Sandon Junior Mixed and Infant School

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About Sandon Junior Mixed and Infant School

Name Sandon Junior Mixed and Infant School
Ofsted Inspections
Headteacher Mrs Nicola Ellement
Address Sandon, Nr Buntingford, SG9 0QS
Phone Number 01763287238
Phase Primary
Type Community school
Age Range 4-11
Religious Character Does not apply
Gender Mixed
Number of Pupils 60
Local Authority Hertfordshire
Highlights from Latest Inspection

What is it like to attend this school?

Pupils are respectful, confident, and polite.

They enjoy attending school and are keen to learn. There are positive relationships between staff and pupils. This contributes to the happy and calm atmosphere in the school.

Pupils understand what bullying means and say that it does not happen. They trust adults to sort out any concerns they may have. Incidents of poor behaviour are rare.

Pupils are well cared for and are safe and happy.

Pupils learn how to become responsible and respectful citizens. They enjoy doing things that help their school and the wider community, such as being a member of the eco and school councils and raising money for charity....

Pupils learn that there are different types of families, cultures and religions that make up British society. They learn that everyone is unique and should be treated fairly.

Children in Reception quickly develop a love of reading.

Some older pupils are enthusiastic readers and enjoy discussing their favourite authors. However, there are a number of pupils who do not get the support they need to help them learn to read well. These pupils are not as well prepared for the next stage of education as they should be.

What does the school do well and what does it need to do better?

The school has experienced a lot of disruption over the last eighteen months. Leaders have started to develop subject leadership and prioritise areas for improvement. However, leaders' actions, for example to improve the teaching of reading and writing, have not been precise enough to ensure rapid improvement.

This means that pupils are not yet getting a good enough quality of education.

Leaders have reviewed their curriculum. In some subjects, they have identified the important knowledge that they want pupils to learn.

In subjects such as mathematics and music, teachers mostly teach the curriculum effectively. However, there is inconsistency in how well teachers do this across the school. For example, some teachers do not consistently check what pupils know and adapt work to what pupils already know and can do.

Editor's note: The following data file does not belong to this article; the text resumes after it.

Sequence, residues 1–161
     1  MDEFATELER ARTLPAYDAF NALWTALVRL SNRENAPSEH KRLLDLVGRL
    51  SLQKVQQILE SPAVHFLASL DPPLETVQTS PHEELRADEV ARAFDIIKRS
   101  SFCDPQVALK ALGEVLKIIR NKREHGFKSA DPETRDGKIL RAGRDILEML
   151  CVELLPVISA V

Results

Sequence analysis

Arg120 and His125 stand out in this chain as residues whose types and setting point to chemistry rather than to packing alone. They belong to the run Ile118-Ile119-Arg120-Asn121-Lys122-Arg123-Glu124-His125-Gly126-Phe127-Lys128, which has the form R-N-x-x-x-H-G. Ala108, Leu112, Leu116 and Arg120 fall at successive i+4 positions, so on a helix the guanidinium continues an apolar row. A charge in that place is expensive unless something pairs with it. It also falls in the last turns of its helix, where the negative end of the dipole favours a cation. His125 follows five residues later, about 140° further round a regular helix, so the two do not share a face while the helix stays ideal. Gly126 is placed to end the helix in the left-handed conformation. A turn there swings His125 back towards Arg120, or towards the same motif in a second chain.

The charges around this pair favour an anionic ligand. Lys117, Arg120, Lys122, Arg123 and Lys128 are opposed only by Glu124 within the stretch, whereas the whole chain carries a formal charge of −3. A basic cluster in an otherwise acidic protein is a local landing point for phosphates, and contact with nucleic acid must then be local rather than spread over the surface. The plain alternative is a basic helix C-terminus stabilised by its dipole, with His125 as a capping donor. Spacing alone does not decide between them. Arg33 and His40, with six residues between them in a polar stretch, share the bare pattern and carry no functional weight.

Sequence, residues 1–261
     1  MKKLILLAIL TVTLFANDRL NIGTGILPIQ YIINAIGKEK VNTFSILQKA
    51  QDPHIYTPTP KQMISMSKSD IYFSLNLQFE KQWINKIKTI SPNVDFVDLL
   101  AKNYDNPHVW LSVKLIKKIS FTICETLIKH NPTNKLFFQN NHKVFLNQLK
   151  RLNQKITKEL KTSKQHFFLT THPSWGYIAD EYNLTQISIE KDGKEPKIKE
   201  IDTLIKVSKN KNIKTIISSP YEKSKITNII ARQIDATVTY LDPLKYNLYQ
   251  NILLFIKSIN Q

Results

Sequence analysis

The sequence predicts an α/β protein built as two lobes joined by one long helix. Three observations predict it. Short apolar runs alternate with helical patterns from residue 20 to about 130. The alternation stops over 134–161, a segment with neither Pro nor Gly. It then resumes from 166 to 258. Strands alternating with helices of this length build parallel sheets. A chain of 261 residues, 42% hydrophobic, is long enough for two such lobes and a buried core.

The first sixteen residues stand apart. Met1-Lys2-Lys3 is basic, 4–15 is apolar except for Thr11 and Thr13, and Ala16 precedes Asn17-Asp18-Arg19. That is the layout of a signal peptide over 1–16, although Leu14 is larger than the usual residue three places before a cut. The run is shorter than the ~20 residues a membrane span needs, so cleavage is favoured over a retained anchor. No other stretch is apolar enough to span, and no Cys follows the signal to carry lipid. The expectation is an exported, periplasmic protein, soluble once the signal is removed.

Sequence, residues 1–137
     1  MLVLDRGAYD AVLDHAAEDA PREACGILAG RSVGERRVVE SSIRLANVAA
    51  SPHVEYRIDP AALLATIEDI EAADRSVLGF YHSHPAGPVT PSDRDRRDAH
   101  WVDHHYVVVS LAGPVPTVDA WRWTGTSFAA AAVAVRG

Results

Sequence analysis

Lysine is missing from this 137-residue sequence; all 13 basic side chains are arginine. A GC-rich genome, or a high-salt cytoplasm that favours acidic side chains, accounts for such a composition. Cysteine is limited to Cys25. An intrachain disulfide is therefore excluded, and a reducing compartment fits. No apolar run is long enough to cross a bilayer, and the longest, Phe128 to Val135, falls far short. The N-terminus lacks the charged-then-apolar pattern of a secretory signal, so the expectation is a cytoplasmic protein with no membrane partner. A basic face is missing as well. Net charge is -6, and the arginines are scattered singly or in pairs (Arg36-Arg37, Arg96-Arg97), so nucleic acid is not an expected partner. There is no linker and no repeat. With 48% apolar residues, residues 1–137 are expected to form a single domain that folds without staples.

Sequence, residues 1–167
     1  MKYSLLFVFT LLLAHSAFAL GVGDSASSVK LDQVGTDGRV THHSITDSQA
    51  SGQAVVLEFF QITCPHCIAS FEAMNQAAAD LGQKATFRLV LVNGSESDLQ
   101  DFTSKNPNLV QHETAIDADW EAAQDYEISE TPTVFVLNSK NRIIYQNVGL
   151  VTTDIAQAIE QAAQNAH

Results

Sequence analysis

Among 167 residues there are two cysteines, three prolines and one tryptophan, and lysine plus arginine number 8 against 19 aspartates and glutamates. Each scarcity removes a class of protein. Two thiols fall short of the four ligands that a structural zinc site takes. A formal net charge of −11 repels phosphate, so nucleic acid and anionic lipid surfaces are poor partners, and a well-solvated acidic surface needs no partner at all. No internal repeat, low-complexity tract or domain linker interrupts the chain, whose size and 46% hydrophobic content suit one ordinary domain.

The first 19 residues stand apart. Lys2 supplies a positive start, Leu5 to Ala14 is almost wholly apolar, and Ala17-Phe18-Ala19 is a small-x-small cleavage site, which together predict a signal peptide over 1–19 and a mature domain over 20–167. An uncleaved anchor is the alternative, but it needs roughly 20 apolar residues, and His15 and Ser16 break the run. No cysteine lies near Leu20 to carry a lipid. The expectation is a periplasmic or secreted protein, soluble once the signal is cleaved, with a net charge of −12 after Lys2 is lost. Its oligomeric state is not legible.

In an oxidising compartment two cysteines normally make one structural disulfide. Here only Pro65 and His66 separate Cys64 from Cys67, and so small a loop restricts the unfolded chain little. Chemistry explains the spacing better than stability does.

This means that work is sometimes too hard or too easy. Some pupils struggle, while others are not moved on quickly enough.

The teaching of early reading is inconsistent.

In some year groups, teachers do not set appropriate tasks that help pupils build on and practise the sounds and words that they know. As a result, pupils struggle, fall behind and do not learn to read quickly enough.

There are also inconsistencies in how well writing is taught.

Sometimes, teachers move pupils on to complex writing tasks before they are secure in basic writing skills. Some teachers do not provide enough opportunities for pupils to practise their writing. Pupils' achievement in writing is patchy.

Although dedicated staff support pupils with special educational needs and/or disabilities (SEND) so that they engage with activities in class, some pupils have not made strong enough progress over time. Leaders have not checked that the support for pupils with SEND is making the difference intended. They have not made the necessary adaptations to learning.

This means that some pupils with SEND do not get the support they need to achieve as well as they should.

Children in Reception, including those with SEND, get a good start at school. Leaders plan activities carefully to support learning in all areas of the curriculum.

These also help children to develop relationships and learn how to manage their feelings and behaviour. Children follow routines and meet the high expectations that staff model. They achieve well in all areas of learning.